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You can search the entire site. or go to the recent opinions, or the chronological or subject indices. Anchorage Police Dept Command Officer's Assoc. v. Municipality of Anchorage (03/07/2008) sp-6236
Notice: This opinion is subject to correction before publication in the Pacific Reporter. Readers are requested to bring errors to the attention of the Clerk of the Appellate Courts, 303 K Street, Anchorage, Alaska 99501, phone (907) 264-0608, fax (907) 264-0878, e-mail email@example.com. THE SUPREME COURT OF THE STATE OF ALASKA
|DEPARTMENT COMMAND||) Supreme Court No. S-12284|
|) Superior Court No. 3AN-05-04613 CI|
|) O P I N I O N|
|) No. 6236 March 7, 2008|
|MUNICIPALITY OF ANCHORAGE,||)|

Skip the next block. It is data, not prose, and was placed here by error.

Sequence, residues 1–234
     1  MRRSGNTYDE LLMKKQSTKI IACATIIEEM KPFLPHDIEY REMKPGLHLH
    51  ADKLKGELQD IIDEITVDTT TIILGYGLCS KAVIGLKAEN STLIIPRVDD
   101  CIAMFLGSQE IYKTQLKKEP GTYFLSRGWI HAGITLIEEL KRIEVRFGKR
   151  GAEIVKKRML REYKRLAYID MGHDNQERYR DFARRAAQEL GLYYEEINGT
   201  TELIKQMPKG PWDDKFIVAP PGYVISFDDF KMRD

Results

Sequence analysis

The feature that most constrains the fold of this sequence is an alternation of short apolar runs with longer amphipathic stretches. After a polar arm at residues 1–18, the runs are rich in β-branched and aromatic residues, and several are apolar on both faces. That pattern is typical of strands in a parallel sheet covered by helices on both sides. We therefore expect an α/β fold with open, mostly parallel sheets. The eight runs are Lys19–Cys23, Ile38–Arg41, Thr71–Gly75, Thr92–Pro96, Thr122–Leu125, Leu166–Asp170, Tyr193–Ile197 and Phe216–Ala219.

Appeal from the Superior Court of the State of Alaska, Third Judicial District, Anchorage, Mark Rindner, Judge. Appearances: Kevin T. Fitzgerald, Ingaldson, Maassen & Fitzgerald, P.C., Anchorage, for Appellant. Mark A. Ertischek, Anchorage, for Appellee. Before: Fabe, Chief Justice, Matthews, Eastaugh, and Carpeneti, Justices. [Bryner, Justice, not participating.] FABE, Chief Justice. I. INTRODUCTION The Anchorage Police Department Command Officers Association (APDCOA) petitioned the Anchorage Municipal Employee Relations Board (the Board) for recognition as the collective bargaining representative for fourteen Anchorage Police Department lieutenants and captains. The Board dismissed APDCOAs petition and similarly denied its subsequent motion for reconsideration or supplementation of the record. APDCOA appealed to the superior court, which affirmed the Boards decision. Because substantial evidence supports the Boards decision that Anchorage Police Department lieutenants and captains are supervisors and are thus exempt from collective bargaining, we affirm. II. FACTS AND PROCEEDINGS The Anchorage Police Department Command Officers Association petitioned the Board for recognition as the collective bargaining representative for fourteen Anchorage Police Department lieutenants and captains on March 30, 2004. The proposed bargaining unit is meant to fill a perceived gap in police department employee representation: lower ranking employees are represented by the Anchorage Police Department Employees Association Union, while higher ranking employees, being executives, are exempt from collective bargaining. APDCOAs initial submission to the Board included a petition signed by fourteen lieutenants and captains, as well as class specifications and duty descriptions for the lieutenant and captain positions. Reviewing these specifications and descriptions, the Board determined that lieutenants and captains perform supervisory tasks. Because supervisors are exempt from collective bargaining under the Anchorage Municipal Code,1 the Board issued an order to show cause why the APDCOA petition should not be dismissed on that basis. APDCOA asserted that sergeants play greater supervisory roles than lieutenants and captains yet are nonetheless members of the Anchorage Police Department Employees Association Union. APDCOA also contended that the question whether captains and lieutenants are supervisors is a factual one and maintained that lieutenants and captains are not in fact supervisors within the meaning of AMC 3.70.010. The Board conducted a hearing on this question on July 15, 2004. APDCOA and the Municipality of Anchorage both participated in the hearing and submitted timely post-hearing briefs. The Board dismissed APDCOAs petition in a final order dated December 20, 2004 based on a number of grounds. First, the Board found APDCOA had not met its burden of fulfilling the requirements set out in AMC 3.70.060A. This statute requires the Board to determine appropriate bargaining units considering such factors as community of interest, wages, hours and other working conditions of the employees involved, the history of collective bargaining and the desires of the employees, while also mandating that bargaining units be as large as reasonably possible, avoiding unnecessary fragmentation. The Board concluded that though APDCOA had proven that the employees desired representation through its petition, it had not proven the requisite community of interest, wages, hours, and other working conditions amongst employees, nor had it established a bargaining history. Viewing these as individual factors, the Board determined that APDCOA had therefore failed to prove five of what it interpreted as seven prongs set forth in AMC 3.70.060A. The Board also found that captains (though not lieutenants) were confidential employees exempt from collective bargaining under AMC 3.70.060C(10). Finally, the Board found that both lieutenants and captains were supervisory employees exempt from collective bargaining under AMC 3.70.060C(2). Shortly thereafter, APDCOA filed a motion with the Board for reconsideration, or in the alternative, to supplement the record. It contested the Boards interpretation of the factors laid out in AMC 3.70.060A but claimed that it had nonetheless fulfilled the requirements of the section through the petition and testimony at the hearing. As further proof, APDCOA appended affidavits from its members attesting to their commonality of interest, wages, hours, and other working conditions, along with a 1976 Board memorandum recommending that the Municipal Assembly approve a bargaining unit of command police officers2 to prove bargaining history. The Board denied the motions for reconsideration and supplementation of the record. APDCOA appealed to the superior court, asserting that the Board erred in rejecting the unit. It challenged (1) the Boards conclusion that the unit failed to prove enough commonality of interest factors; (2) the Boards finding that lieutenants were supervisory employees and thus exempt from collective bargaining; and (3) the Boards finding that captains were both supervisory and confidential employees exempt from collective bargaining. The superior court affirmed the Boards decision. Although the superior court questioned the factor- counting approach that the Board employed in interpreting AMC 3.70.060A, the court found that the Board enjoyed broad discretion in determining the appropriateness of collective bargaining units and declined to reweigh the evidence. APDCOA appeals, renewing its arguments that the Board erred in deciding (1) that Anchorage Police Department lieutenants and captains are supervisors within the meaning of the Code; (2) that captains are confidential employees within the meaning of the Code; and (3) that APDCOA failed to show the required commonality of interests to qualify as an appropriate bargaining unit. III. STANDARD OF REVIEW When the superior court acts as an intermediate appellate court, we independently review the merits of the administrative determination.3 The standard we employ to review administrative decisions depends on the nature of the appeal. For questions of fact, we review administrative decisions under the substantial evidence test, examining whether those findings are supported by such relevant evidence as a reasonable mind might accept to support a conclusion.4 For questions of law requiring agency expertise, we review administrative decisions under the reasonable basis test, deferring to the agencys decision unless it is plainly erroneous and inconsistent with the regulation.5 IV. THE BOARD DID NOT ERR IN DECIDING THAT LIEUTENANTS AND CAPTAINS ARE SUPERVISORY EMPLOYEES EXEMPT FROM COLLECTIVE BARGAINING. Anchorage Municipal Code 3.70.060C(2) exempts from collective bargaining [a]ll supervisory employees as designated by the board upon petition of the municipality. Anchorage Municipal Code 3.70.010 defines supervisory employee as an individual having responsibility on behalf of the municipality regularly to participate in the performance of some or all of the following functions with respect to other employees: to hire, transfer, suspend, lay off, recall, promote, discharge, assign, reward, discipline, direct or adjust grievances, or effectively to recommend such action, if, in connection with  such functions, the exercise of such responsibility is not of a merely routine or clerical nature but requires the exercise of independent judgment. Whether Anchorage Police Department lieutenants and captains are supervisory employees and therefore exempt from collective bargaining is a question of fact, which we review under the substantial evidence test.6 The job descriptions submitted by APDCOA for the captain and lieutenant positions support the Boards finding that these are supervisory roles. According to the class specification, a police lieutenant [s]upervises and performs administrative work in commanding an assigned shift, or in a comparable specialized function. The specification also states that a lieutenant [p]rovides supervision for and evaluation of subordinate police personnel; [c]ommands an assigned shift or specialized police function; [i]nspects the performance of [p]atrol [o]fficers and [s]ergeants on duty; . . . [s]upervises and participates in the investigation of major incidents; [and p]lans and directs special operations. The class specification for a lieutenant lists knowledge of supervisory police work, skills in supervision, and the ability to [p]lan, assign, supervise, and review the work of subordinate police personnel, as required. Similarly, the position description assigns thirty percent of the lieutenants time to work as a second level supervisor by supervising and directing the shift [s]ergeants (first line supervisors) in the implementation of their duties as direct supervisors of all assigned [d]etectives, and also provides that the lieutenant [r]eviews and resolves labor/management disputes and [r]eviews and approves disciplinary procedures a[t] all levels, through termination actions for employees. Moreover, item 23 of the position description, entitled supervisory responsibilities, is checked yes to reflect that the position directly supervises others on a regular basis. The positions supervisory responsibilities include the authority to hire, assign, reward, promote, transfer, lay off, discipline, and discharge subordinates as well as to settle grievances. The class specification for the captain position also characterizes captains as supervisors. The captains duties include assignment of personnel and equipment [and] discipline of subordinate employees. Captains are charged with [p]rovid[ing] the full range of supervision for subordinate personnel and [c]oordinat[ing] the investigation of allegations of employee misconduct. And in another section, the class specification demands that captains have the ability to plan and supervise work of subordinate personnel, while the position description devotes ten percent of the captains time to reviewing and resolving labor disputes, coordinating the investigation of employee misconduct, and administering appropriate discipline. Once again, item 23 is checked yes, indicating that this position directly supervises others on a regular basis. This includes the authority to hire, assign, reward, promote, transfer, lay off, discipline, and discharge subordinates as well as to settle grievances. Several witnesses testified before the Board regarding this issue, including Lieutenant Lorraine Shore, Captain Thomas Nelson, Chief of Police Walter Monegan, and Elizabeth Hill, Director of Human Resources for the Anchorage Police Department. And APDCOA has conceded that its members performed some limited functions[,] which could otherwise be considered supervisory under the [C]odes definition. But APDCOA maintains that the testimony at trial showed that these supervisory roles were not performed regularly or with independent judgment, as the statute requires. Given this acknowledgment, we are left with the following question: does substantial evidence support the Boards finding that lieutenants and captains perform these supervisory duties regularly and with independent judgment? The class specifications and position descriptions detailed above suggest that the answer is yes, and the testimony and arguments presented at the hearing support the Boards finding. Although APDCOA points to some testimony that these duties are performed less than regularly or without independent judgment, the Board did not find that testimony credible. As the Board put it: We acknowledge that APDCOAs witnesses tended to minimize the importance of the duties they performed. We nonetheless find that the weight of the evidence establishes that lieutenants and captains perform supervisory duties on behalf of the Municipality, and that they use independent judgment in performing those duties. APDCOA describes as limited, constrained, and irregular its members involvement in transfers, promotions, assignments, and discipline, all tasks defined by the Code as supervisory. APDCOA also relies on cases from other jurisdictions for the proposition that a position generally characterized as supervisory is not necessarily exempt from collective bargaining. Beyond the fact that they did not involve the Anchorage Municipal Code, these cases upheld administrative decisions that particular employees were not supervisors, with some highlighting the special deference that the administrative body enjoyed in this particular determination.7 Moreover, it does not appear that the Board rested on just a general characterization in its decision here. After reading APDCOAs submitted materials and hearing all the testimony, the Board found that the weight of the evidence establishes that the lieutenants and captains perform supervisory duties on behalf of the Municipality,  that they use independent judgment in performing those duties, and that the Municipality carried its burden of proof with respect to the supervisory status of lieutenants and captains. Substantial portions of the evidence found credible by the Board support its decision that the supervisory roles of captains and lieutenants are performed regularly and with independent judgment. The Boards decision is therefore affirmed.8 V. CONCLUSION For the reasons detailed above, we AFFIRM the decision of the Anchorage Municipal Employee Relations Board. _______________________________ 1 AMC 3.70.060C. 2 No such bargaining unit came to fruition. 3 State, Pub. Employees Ret. Bd. v. Morton, 123 P.3d 986, 988 (Alaska 2005) (quoting State, Dept of Natural Res. v. Greenpeace, Inc., 96 P.3d 1056, 1061 (Alaska 2004)). 4 Collins v. Arctic Builders, Inc., 31 P.3d 1286, 1289 (Alaska 2001). 5 Greenpeace, 96 P.3d at 1061 n.10 (internal citations omitted). 6 Collins, 31 P.3d at 1289. 7 See, e.g., Providence Alaska Med. Ctr. v. Natl Labor Relations Bd., 121 F.3d 548, 551 (9th Cir. 1997) (upholding the Boards determination that employee was not a supervisor and noting that [b]ecause the Board has expertise in making the subtle and complex distinctions between supervisors and employees, . . . the normal deference [we] give to the Board is particularly strong when it makes those determinations (internal citation omitted)); J.L.M., Inc. v. Natl Labor Relations Bd., 31 F.3d 79, 82 (2d Cir. 1994) (upholding the Boards determination that employee was not a supervisor and noting that [t]he Boards findings regarding supervisory determinations are entitled to special weight ). 8 Because we conclude the Board did not err in deciding that lieutenants and captains are supervisors within the meaning of the Code, they are exempt from collective bargaining, and we need not reach the other arguments on appeal.